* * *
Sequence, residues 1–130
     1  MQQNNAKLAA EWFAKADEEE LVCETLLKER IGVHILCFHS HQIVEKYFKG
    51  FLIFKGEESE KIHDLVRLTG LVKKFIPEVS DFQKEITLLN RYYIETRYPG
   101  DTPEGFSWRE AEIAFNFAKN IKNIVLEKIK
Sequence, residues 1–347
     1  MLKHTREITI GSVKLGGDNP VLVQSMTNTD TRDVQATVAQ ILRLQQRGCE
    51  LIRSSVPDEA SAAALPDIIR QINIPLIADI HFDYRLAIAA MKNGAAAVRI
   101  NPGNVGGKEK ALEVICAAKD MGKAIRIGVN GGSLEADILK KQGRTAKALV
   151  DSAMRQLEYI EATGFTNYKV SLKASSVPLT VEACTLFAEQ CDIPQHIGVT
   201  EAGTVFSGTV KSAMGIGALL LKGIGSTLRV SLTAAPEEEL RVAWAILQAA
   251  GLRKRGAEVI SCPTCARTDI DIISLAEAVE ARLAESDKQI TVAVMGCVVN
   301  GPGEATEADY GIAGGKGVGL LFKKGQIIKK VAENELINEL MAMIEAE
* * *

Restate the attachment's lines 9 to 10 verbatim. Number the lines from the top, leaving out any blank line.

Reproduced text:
   151  DSAMRQLEYI EATGFTNYKV SLKASSVPLT VEACTLFAEQ CDIPQHIGVT
   201  EAGTVFSGTV KSAMGIGALL LKGIGSTLRV SLTAAPEEEL RVAWAILQAA